Engaging College Athletes in & Through Graduate Study: Academic Trajectories and Implications

Siduri Haslerig – University of Oklahoma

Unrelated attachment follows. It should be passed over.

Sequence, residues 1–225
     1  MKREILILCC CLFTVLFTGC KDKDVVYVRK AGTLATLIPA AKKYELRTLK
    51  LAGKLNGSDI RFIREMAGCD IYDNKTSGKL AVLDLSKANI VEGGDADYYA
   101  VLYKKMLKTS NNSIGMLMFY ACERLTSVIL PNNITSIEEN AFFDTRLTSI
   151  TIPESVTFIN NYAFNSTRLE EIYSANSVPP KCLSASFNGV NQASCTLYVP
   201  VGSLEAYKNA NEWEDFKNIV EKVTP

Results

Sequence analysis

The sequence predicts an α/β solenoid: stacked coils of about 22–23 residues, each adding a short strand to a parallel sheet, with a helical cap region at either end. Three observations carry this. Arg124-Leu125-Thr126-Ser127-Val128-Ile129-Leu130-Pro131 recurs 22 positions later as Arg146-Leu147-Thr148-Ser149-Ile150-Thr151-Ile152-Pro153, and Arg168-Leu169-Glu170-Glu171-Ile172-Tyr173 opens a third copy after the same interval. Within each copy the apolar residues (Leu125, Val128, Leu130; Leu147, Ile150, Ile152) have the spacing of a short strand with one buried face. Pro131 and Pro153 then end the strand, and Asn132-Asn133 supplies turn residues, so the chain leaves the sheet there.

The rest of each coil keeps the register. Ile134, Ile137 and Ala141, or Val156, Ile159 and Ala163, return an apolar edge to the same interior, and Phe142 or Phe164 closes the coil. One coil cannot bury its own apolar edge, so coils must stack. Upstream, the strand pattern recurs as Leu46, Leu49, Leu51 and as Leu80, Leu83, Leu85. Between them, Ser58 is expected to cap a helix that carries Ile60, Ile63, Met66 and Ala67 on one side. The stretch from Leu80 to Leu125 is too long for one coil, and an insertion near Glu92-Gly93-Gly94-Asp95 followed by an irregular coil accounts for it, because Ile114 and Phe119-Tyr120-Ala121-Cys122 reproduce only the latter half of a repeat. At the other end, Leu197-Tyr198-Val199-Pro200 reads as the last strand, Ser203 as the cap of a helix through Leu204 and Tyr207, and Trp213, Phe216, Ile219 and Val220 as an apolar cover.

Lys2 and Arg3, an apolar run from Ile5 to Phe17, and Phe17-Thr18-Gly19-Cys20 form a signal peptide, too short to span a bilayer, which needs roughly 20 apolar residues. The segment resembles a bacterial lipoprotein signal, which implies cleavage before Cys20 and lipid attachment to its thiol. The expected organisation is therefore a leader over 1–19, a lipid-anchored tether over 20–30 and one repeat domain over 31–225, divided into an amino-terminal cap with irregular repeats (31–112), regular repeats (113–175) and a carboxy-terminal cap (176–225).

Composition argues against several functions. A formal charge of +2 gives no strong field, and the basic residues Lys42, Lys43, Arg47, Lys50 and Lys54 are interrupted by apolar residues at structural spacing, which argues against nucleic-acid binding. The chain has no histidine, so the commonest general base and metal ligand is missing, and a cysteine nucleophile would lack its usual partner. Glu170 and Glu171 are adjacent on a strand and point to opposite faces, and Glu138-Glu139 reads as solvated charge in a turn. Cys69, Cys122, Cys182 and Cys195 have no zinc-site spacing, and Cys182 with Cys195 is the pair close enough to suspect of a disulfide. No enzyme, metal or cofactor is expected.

This phenomenological study explores the academic trajectories of Division I football players who earned bachelor’s degrees and took postbaccalaureate coursework prior to exhausting their NCAA eligibility, i.e., graduate(d) student athletes. Despite academic success, this population has been virtually invisible in the research literature. Findings were analyzed using college choice and transition-from-sport frameworks. Although most participants entered college with a predisposition toward college-going and, for some, plans to pursue graduate coursework, others were less traditionally college-bound but still successful. Further, as participants made meaning of their graduate student status, they tended to frame their trajectory as the result of taking full advantage of opportunities and, subsequently, reframed athletic participation as a means-to-anend in providing those opportunities. Lastly, findings suggest that graduate coursework may function as an alternative high impact practice for college athletes toward the end of college by potentially easing the transition-from-sport in addition to having direct positive effects on career exploration.